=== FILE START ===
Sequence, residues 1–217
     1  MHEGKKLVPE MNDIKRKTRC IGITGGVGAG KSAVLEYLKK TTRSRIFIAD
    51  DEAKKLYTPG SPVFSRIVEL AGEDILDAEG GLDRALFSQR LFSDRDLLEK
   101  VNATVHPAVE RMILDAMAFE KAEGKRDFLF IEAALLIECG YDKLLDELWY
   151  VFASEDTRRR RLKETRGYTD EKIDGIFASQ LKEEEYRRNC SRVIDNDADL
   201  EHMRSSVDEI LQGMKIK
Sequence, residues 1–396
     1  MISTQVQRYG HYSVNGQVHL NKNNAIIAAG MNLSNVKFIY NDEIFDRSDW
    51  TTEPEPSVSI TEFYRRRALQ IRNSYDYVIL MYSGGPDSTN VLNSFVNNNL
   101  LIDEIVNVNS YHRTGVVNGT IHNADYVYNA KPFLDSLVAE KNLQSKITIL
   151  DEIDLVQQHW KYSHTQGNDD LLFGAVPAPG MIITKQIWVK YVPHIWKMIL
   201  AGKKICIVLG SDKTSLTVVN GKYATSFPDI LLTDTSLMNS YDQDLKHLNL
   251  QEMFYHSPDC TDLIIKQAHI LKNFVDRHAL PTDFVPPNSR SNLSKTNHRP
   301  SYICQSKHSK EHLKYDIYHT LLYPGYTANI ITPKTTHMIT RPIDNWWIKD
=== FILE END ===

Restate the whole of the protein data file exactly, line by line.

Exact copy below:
Sequence, residues 1–217
     1  MHEGKKLVPE MNDIKRKTRC IGITGGVGAG KSAVLEYLKK TTRSRIFIAD
    51  DEAKKLYTPG SPVFSRIVEL AGEDILDAEG GLDRALFSQR LFSDRDLLEK
   101  VNATVHPAVE RMILDAMAFE KAEGKRDFLF IEAALLIECG YDKLLDELWY
   151  VFASEDTRRR RLKETRGYTD EKIDGIFASQ LKEEEYRRNC SRVIDNDADL
   201  EHMRSSVDEI LQGMKIK
Sequence, residues 1–396
     1  MISTQVQRYG HYSVNGQVHL NKNNAIIAAG MNLSNVKFIY NDEIFDRSDW
    51  TTEPEPSVSI TEFYRRRALQ IRNSYDYVIL MYSGGPDSTN VLNSFVNNNL
   101  LIDEIVNVNS YHRTGVVNGT IHNADYVYNA KPFLDSLVAE KNLQSKITIL
   151  DEIDLVQQHW KYSHTQGNDD LLFGAVPAPG MIITKQIWVK YVPHIWKMIL
   201  AGKKICIVLG SDKTSLTVVN GKYATSFPDI LLTDTSLMNS YDQDLKHLNL
   251  QEMFYHSPDC TDLIIKQAHI LKNFVDRHAL PTDFVPPNSR SNLSKTNHRP
   301  SYICQSKHSK EHLKYDIYHT LLYPGYTANI ITPKTTHMIT RPIDNWWIKD